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By Propulo Consulting

By Josh Williams, Ph.D. The way in which incident analyses are handled in organizations has a significant impact on organizational culture. In fact, effective incident analysis practices are significantly related to fewer incidents and injuries.1 In healthy organizations, incident analyses are used to get considerable field input into the factors associated with the incident and help leaders understand and analyze system factors contributing to incidents. This reinforces a learning environment to prevent similar incidents in the future and helps avoid typical “blame and train” perceptions following injuries. Leaders should follow these guidelines to create robust incident analysis processes:   Ensure system factors are

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By Josh Williams, Ph.D. As the poet Alexander Pope famously wrote, “to error is human.” This is especially true in work environments where people have done a particular job for many years. They may get complacent. Basically, employees start to operate on autopilot despite a myriad of hazards around them, especially if they go years without getting hurt. This is compounded when a large group of employees and field leaders become desensitized to the risks around them. Unfortunately, serious injuries and fatalities often serve as the wakeup call to remain ever vigilant about safety on the job.   The 2-minute rule encourages employees

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By Martin Royal There are reasons why the best organizations across industries provide executive coaching to their leaders. Coaching has been demonstrated to be one of the most effective practices in creating sustained positive changes among leaders. Coaches help executives and organizations reach goals that they may not be able to reach on their own. Coaches may help process obstacles to progress, act as accountability or thought partners, teach, give advice, and provide resources. Executive coaching has been around for three or more decades, and various specialties have emerged over the years such as healthcare executive coaching, education executive coaching, executive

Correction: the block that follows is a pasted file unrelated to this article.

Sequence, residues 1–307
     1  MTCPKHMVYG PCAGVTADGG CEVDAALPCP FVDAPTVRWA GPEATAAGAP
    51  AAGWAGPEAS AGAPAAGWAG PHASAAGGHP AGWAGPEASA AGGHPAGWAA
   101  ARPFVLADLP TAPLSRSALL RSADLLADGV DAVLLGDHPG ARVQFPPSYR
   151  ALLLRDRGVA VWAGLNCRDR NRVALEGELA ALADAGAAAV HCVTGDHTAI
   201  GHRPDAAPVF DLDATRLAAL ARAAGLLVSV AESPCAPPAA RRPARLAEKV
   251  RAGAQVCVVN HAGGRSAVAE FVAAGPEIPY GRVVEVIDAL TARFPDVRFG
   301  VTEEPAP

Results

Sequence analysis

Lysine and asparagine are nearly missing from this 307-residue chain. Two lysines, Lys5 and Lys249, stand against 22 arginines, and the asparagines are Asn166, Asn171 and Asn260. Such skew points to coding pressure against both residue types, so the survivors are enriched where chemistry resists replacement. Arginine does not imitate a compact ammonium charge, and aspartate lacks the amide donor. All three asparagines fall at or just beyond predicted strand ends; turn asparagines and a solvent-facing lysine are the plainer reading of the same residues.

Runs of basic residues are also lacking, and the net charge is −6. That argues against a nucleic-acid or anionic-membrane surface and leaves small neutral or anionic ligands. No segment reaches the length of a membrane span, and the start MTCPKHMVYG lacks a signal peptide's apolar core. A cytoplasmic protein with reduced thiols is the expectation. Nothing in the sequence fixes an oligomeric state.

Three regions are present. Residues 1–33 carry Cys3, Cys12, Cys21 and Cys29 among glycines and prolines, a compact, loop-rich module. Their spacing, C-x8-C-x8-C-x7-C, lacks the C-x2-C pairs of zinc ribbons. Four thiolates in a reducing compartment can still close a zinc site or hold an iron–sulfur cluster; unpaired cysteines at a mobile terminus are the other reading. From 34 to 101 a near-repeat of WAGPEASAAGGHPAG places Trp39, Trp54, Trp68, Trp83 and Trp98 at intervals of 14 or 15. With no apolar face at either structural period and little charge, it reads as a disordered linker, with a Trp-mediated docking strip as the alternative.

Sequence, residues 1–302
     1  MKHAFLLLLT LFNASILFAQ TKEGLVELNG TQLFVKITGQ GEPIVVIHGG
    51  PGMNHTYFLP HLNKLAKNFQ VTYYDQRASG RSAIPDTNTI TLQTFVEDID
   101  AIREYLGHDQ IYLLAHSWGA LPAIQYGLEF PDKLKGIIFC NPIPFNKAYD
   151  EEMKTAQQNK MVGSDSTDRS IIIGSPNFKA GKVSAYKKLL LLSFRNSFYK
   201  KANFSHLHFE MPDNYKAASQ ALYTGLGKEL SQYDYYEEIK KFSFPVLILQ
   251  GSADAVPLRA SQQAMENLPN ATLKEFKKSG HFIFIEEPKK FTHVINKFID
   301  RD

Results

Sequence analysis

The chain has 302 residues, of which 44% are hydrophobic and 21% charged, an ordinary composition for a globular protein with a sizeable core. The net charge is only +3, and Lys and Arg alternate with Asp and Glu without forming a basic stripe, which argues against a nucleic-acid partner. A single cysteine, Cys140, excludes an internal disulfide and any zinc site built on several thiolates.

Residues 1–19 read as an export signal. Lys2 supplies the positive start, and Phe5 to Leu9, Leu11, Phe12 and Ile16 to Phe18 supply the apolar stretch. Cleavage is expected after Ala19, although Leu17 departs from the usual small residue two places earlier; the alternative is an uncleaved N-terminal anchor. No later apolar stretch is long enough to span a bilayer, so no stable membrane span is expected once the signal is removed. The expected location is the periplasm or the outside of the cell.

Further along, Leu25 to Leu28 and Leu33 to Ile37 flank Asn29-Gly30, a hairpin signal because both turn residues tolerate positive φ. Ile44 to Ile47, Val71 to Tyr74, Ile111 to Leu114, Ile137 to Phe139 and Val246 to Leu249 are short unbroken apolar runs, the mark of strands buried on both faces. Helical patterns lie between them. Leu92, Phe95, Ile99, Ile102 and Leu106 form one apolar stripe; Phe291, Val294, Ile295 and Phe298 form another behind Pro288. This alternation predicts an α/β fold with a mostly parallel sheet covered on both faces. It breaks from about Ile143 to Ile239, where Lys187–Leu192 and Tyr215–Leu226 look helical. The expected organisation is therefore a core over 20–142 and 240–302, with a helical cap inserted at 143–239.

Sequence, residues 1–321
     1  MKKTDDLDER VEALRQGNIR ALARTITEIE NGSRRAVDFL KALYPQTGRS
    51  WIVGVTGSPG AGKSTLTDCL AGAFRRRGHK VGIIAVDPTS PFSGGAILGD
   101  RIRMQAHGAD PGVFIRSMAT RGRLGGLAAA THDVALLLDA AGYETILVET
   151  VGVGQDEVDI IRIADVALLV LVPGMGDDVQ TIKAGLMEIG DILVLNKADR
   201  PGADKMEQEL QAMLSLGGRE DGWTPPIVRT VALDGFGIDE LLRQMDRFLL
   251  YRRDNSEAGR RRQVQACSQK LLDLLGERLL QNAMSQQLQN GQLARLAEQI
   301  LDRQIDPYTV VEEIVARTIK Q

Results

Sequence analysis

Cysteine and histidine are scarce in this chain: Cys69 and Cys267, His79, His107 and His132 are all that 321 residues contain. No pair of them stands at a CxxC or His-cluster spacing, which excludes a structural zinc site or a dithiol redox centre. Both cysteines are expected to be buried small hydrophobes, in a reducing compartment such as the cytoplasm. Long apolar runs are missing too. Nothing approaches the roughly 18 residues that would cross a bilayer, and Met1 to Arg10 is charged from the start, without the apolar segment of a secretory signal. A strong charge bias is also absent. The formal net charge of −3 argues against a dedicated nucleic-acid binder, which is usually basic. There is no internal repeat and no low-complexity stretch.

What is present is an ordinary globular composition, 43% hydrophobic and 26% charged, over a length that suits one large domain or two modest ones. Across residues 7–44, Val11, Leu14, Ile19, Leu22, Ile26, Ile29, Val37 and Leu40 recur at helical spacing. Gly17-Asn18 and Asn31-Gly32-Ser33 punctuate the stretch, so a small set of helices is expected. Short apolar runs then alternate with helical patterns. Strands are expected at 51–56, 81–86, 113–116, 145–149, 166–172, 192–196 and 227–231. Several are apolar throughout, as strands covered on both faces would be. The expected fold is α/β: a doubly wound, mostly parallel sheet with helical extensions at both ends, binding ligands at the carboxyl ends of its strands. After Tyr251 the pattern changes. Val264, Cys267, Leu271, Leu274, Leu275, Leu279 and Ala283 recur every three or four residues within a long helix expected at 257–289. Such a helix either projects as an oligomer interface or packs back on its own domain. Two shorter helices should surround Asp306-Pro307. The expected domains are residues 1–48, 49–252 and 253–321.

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By Eduardo Lan People in organizations without a strong safety culture often believe that safety is somebody else's job. When asked who owns safety around here, they may point to the organization’s leaders or to somebody else other than themselves. In their mind, they may see their role as limited to production or construction and honestly believe that safety is the purview of the safety department or professional. This level of ownership shifts with a higher degree of safety culture maturity, where people understand that they have a role to play in the creation of a safe workplace. In such workplaces,

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By Josh Williams, Ph.D. Employees may believe reporting minor injuries is a waste of time or that small incidents are just “part of the job.” However, these minor injuries may have the potential for serious ones with other employees. Shining a light on these situations may help prevent serious injuries and fatalities in the future. Strong leaders encourage reporting minor injuries and close calls. To do this successfully, make the process as clear and simple for your specific organization. This includes simple instructions with reporting to supervisors, using apps, or even dropping off physical forms in deposit boxes. Regardless of your system,

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By Josh Williams, Ph.D. Company leaders frequently use videos to showcase their support for ongoing safety efforts. These efforts are often well received but sometimes miss their mark. If the leader lacks empathy or seems out of touch these videos can actually do more harm than good. Here are some tips for creating executive safety videos that hit their mark: Drive your message home. Stay on message and keep reinforcing it. No other medium grabs attention like video, but you can quickly lose your audience if you lose message focus. Above all, keep it simple.Keep it short. Long videos put people to sleep.

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